God repeated this promise throughout the centuries.  He proclaimed it through words and signs.  He sent prophets like Isaiah and Zechariah to speak it.  Zechariah announced “Rejoice greatly, O daughter of Zion.  Shout aloud O daughter of Jerusalem.  Behold your king is coming to you; righteous and having salvation is he, humble and mounted on a donkey, on a colt, the foal of a donkey” (Zech 9:9).  Christ was fulfilling this specific prophecy as He rode into Jerusalem to the shouts of the people.  And on that Friday, He would answer their prayer of hosanna.  On Good Friday, Christ was going to save them, to save you, with His death, for salvation only comes through Christ’s death. 
    This too was foretold of in the beginning.  When God promised that the seed of the woman would crush Satan’s head, He also said the Messiah would be struck   He would suffer.  God showed this truth through the sacrifices of old.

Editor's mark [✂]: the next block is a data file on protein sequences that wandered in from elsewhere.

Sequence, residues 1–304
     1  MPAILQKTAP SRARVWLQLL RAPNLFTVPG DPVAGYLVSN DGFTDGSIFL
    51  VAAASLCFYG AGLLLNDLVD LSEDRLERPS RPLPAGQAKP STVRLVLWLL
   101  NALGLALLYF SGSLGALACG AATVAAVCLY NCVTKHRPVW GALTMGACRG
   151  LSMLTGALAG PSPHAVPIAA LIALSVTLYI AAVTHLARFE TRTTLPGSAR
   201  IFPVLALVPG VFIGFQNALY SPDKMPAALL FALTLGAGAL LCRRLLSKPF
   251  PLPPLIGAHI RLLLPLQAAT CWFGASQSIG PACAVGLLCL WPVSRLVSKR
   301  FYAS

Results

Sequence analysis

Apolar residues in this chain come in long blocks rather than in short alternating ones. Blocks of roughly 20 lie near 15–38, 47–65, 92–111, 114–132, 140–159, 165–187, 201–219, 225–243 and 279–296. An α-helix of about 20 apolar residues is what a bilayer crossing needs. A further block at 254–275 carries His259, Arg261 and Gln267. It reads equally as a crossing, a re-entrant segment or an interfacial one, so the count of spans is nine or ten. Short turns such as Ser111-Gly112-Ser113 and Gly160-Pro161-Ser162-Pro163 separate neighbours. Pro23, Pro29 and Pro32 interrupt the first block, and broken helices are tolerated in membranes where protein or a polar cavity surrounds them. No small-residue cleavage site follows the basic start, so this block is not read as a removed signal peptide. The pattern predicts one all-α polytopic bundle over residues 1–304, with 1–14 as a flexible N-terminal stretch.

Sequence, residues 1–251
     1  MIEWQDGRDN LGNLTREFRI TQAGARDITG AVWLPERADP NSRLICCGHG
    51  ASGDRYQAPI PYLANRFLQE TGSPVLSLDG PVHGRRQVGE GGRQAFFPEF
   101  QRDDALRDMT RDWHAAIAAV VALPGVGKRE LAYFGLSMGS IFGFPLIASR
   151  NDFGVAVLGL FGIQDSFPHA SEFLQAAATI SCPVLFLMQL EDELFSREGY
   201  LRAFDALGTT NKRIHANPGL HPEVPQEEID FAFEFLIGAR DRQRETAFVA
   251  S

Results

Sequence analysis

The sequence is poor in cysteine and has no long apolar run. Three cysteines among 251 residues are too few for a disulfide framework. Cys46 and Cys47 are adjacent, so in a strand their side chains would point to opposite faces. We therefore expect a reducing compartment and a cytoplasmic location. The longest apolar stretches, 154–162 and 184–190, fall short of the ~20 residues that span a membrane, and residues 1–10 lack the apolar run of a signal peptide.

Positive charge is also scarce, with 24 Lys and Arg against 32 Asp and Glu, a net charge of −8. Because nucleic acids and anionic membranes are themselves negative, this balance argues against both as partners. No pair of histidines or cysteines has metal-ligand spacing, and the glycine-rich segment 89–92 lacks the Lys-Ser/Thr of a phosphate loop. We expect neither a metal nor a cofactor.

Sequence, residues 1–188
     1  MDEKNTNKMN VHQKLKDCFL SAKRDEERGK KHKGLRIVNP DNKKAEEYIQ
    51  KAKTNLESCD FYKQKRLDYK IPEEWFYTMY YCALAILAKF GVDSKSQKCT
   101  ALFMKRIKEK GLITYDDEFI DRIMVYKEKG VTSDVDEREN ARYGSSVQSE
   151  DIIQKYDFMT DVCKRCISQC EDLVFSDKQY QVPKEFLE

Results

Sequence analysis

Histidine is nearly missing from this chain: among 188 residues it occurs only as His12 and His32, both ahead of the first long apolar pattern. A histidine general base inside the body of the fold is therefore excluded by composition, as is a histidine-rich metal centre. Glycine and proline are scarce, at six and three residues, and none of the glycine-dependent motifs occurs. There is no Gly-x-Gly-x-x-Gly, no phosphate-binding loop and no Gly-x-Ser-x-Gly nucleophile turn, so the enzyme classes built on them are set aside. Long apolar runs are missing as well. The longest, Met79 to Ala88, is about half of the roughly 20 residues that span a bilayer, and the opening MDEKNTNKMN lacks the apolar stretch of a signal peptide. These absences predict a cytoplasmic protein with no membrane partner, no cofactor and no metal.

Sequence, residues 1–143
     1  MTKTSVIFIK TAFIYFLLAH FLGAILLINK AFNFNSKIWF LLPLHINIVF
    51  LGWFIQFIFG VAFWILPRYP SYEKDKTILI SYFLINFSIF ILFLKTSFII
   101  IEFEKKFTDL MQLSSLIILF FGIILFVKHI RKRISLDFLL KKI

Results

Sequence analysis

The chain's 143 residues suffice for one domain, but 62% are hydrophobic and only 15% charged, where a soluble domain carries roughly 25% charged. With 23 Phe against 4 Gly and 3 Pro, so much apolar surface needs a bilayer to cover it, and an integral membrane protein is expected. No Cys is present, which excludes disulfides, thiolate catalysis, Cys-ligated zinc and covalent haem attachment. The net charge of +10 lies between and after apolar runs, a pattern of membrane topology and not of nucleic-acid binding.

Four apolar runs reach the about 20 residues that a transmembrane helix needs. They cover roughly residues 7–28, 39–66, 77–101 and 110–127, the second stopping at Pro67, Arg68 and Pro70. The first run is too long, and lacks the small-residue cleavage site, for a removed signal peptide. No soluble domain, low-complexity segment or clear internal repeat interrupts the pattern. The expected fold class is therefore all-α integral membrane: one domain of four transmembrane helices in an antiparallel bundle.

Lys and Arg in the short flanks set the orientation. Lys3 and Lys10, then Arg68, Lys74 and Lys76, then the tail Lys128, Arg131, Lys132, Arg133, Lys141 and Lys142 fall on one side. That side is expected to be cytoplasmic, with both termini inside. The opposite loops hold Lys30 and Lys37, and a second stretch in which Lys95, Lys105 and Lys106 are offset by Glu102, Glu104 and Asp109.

When God made clothes for our first parents, it required a sacrifice, blood had to be spilt.  At the first Passover in Egypt, a lamb had to be sacrificed and its blood painted on the doorposts in order to spare the people inside the angel of death.  And at the Tabernacle and then the temple, sacrifices were made to atone for the people’s sins.  All of this was God ordained to show how He would save His people...through the sacrificial death of His Son. 
    God answered His people’s prayer for salvation.  Christ answered the cries of hosanna when He was born to die.  The Son of God became man.  Born to the Virgin Mary, He is the Seed of the woman.  He came as a child, grew and lived the perfect life that you and I can’t so that He could sacrifice His life on the cross, dying for your sin, for your forgiveness, so that you’d be freed from sin and death and have everlasting life.  This life and salvation you have now.